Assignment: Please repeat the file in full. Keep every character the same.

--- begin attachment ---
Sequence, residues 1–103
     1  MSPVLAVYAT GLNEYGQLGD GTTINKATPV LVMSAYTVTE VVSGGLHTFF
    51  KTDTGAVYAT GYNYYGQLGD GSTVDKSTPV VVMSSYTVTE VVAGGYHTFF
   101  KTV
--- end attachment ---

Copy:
Sequence, residues 1–103
     1  MSPVLAVYAT GLNEYGQLGD GTTINKATPV LVMSAYTVTE VVSGGLHTFF
    51  KTDTGAVYAT GYNYYGQLGD GSTVDKSTPV VVMSSYTVTE VVAGGYHTFF
   101  KTV